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After a disappointing NLCS exit, the Los Angeles Dodgers could be in for an offseason of change.
Familiar faces Corey Seager, Clayton Kershaw, Kenley Jansen and Chris Taylor are all free agents, as is deadline pickup Max Scherzer, and keeping all five of those guys seems unlikely even with the team’s spending power.
There is also a big decision to make on the future of Cody Bellinger after he struggled mightily in 2021.
With the start of another long, cold offseason right around the corner, it’s worth taking a closer look at the biggest questions facing a Dodgers team that has the spending power to reshape the MLB landscape with the decisions it makes this winter.
Let’s get to it.
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Question: Will Cody Bellinger be tendered a contract?
Just two years removed from winning NL MVP honors, Cody Bellinger was one of the least productive players in baseball during the 2021 season. He hit .165/.240/.302 for a dismal 45 OPS+ that ranked 260th out of 262 hitters with at least 300 plate appearances, and his minus-1.5 WAR made him one of the least valuable players in the entirety of the sport.
Since he won his MVP award prior to being arbitration-eligible for the first time, he received a record $11.5 million in his first year of arbitration, and that climbed to $16.1 million in 2021.
Even if the Dodgers were to push for a pay cut—which is extremely rare—a player’s salary can only be slashed by 20 percent during his arbitration years. That would still mean a $12.9 million salary figure for the 2023 season. In all likelihood, a matching $16.1 million salary is what it’s going to cost to retain Bellinger for another year.
He went 7-for-17 in the NLCS and hit a game-tying, three-run homer in the eighth inning of Game 3, but is that enough to cancel out five months of substandard production?
The smartest approach would be to non-tender him with the hope of re-signing him to a new deal at a lower price point. That’s what the Chicago White Sox did with Carlos Rodon last offseason, and it’s been done countless times before. That would mean exposing him to free agency and opening the door for someone else to swoop in with a better offer, but that’s a risk worth taking.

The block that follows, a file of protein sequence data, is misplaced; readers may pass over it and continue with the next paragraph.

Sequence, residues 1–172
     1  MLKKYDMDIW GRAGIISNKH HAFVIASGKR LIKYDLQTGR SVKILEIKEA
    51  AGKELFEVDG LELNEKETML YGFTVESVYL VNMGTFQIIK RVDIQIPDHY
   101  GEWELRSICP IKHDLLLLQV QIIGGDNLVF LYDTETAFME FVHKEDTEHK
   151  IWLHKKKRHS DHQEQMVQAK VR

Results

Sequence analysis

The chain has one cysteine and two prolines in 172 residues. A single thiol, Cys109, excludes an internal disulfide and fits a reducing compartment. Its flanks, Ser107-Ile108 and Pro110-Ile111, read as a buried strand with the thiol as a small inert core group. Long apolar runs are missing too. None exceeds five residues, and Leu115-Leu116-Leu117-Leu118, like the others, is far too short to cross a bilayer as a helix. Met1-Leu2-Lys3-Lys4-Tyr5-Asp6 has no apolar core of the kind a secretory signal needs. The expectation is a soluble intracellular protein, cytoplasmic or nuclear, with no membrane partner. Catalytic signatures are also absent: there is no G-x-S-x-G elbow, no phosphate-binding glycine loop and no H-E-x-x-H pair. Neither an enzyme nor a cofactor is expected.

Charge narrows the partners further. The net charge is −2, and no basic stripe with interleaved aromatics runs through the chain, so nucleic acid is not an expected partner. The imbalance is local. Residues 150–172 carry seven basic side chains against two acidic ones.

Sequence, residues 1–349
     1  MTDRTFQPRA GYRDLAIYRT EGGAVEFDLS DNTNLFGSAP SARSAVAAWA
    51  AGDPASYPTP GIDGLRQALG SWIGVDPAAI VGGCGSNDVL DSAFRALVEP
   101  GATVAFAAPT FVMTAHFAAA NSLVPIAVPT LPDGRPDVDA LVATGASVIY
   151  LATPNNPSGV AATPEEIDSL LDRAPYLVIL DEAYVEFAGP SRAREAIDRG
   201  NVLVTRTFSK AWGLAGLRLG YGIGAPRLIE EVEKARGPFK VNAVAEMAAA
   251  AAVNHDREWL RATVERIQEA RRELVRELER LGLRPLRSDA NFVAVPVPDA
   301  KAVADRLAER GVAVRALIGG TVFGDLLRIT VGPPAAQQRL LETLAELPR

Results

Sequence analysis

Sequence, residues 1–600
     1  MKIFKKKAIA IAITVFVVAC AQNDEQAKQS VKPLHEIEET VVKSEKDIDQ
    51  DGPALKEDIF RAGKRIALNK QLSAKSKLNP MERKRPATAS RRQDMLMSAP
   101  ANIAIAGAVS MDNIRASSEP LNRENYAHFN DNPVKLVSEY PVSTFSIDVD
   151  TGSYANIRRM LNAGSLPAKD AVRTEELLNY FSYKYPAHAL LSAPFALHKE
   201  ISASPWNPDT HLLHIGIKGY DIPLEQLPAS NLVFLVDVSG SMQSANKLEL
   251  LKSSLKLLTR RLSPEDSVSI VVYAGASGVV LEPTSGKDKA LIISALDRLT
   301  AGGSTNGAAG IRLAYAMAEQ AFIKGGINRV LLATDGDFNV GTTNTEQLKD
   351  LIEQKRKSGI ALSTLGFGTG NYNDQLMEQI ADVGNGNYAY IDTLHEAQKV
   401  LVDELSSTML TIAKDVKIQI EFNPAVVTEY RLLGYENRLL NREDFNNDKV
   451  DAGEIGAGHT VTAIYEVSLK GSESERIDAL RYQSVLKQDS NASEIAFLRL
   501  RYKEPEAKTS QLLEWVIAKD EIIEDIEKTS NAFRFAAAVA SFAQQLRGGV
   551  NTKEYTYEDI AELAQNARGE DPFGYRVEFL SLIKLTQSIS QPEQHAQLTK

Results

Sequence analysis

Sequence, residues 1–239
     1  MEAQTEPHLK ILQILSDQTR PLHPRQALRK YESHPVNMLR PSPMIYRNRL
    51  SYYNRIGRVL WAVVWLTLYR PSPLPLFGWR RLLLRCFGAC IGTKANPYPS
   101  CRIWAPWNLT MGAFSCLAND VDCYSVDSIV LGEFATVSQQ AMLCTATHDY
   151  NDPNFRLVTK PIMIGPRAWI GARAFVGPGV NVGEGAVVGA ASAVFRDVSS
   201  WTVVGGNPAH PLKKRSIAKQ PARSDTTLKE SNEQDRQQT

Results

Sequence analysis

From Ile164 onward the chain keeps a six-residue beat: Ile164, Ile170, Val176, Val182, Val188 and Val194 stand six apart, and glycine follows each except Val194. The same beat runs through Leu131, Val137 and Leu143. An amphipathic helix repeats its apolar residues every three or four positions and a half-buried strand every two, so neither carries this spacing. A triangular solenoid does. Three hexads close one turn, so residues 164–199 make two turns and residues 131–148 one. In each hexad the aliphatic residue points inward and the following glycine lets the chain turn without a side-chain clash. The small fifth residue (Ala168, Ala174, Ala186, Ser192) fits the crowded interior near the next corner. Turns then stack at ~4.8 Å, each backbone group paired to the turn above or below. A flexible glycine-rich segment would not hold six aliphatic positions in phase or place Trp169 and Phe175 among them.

The deadline to tender contracts for arbitration-eligible players is Dec. 1.
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Question: Is Kenley Jansen part of the team’s future plans?
With a $20 million salary in 2021, closer Kenley Jansen was the fourth-highest-paid player on the Dodgers roster and the highest-paid relief pitcher in all of baseball.
It will be interesting to see what sort of market awaits him this offseason now that he has played out his five-year, $80 million deal and will be entering his age-34 season.
After losing his hold on the closer’s role during the 2020 postseason, Jansen rebounded by converting 38 of 43 save chances this year with a 2.22 ERA, 1.04 WHIP and 11.2 strikeouts per nine innings in 69 appearances.
However, he also issued 4.7 walks per nine innings—his highest total since his rookie season in 2010—and he has reworked his approach as his trademark cutter has become less effective, throwing more sinkers and sliders than ever before.
With Blake Treinen signed through 2023 and capable of closing games, and young relievers Brusdar Graterol, Phil Bickford, Alex Vesia and Victor Gonzalez controllable for multiple years, the Dodgers have a good bullpen core in place.
They stand to lose Corey Knebel and Jimmy Nelson in free agency and have a $12 million club option on Joe Kelly that will likely be declined, but they could conceivably let all of those guys and Jansen walk and still have a solid relief corps.
A two-year, $20 million offer seems like fair market value for Jansen. Make that offer, be happy if he accepts it and move on if he doesn’t.
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Question: Will there be any long-term extensions handed out?
The Dodgers have made it a point to retain their own top free agents in recent years, and they also signed Mookie Betts and Max Muncy to multiyear extensions before they reached free agency.
They have a number of more pressing matters to attend to, but shortstop Trea Turner and right-hander Walker Buehler are both prime candidates to discuss a long-term extension with this winter.
Turner has one final year of arbitration remaining in 2022 before he hits the open market, and if the plan is to let Corey Seager walk this offseason, locking up Turner would have to be a top priority.
Buehler, 27, signed a two-year, $8 million deal last February to buy out his first two years of arbitration, but he still has two more years of arbitration remaining in 2023 and 2024 before he reaches free agency ahead of his age-30 season.
Neither player will come cheap, but both are vital pieces of the team’s long-term plans. It would be beneficial to at least get the ball rolling on extension talks this spring.
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Question: Is Corey Seager leaving a foregone conclusion?
It was alluded to in the last slide, but the trade deadline deal to acquire Trea Turner from the Washington Nationals seemed to come with some unmistakable writing on the wall that Corey Seager’s days in a Dodgers uniform were numbered.
Despite missing 65 games with a fractured hand, Seager had another terrific season in 2021, hitting .306/.394/.521 with 22 doubles, 16 home runs and 57 RBI while tallying 3.7 WAR. Since the start of last year, he has a 147 OPS+ and 5.8 WAR in 147 games.
Even the deep-pocketed Dodgers can’t keep everyone, though.
A middle infield of Gavin Lux and Turner could still be among the league’s best, especially if Lux can build off his strong offensive finish to the year. The 23-year-old hit .360/.467/.500 in his final 60 plate appearances, and he is controllable all the way through the 2026 season.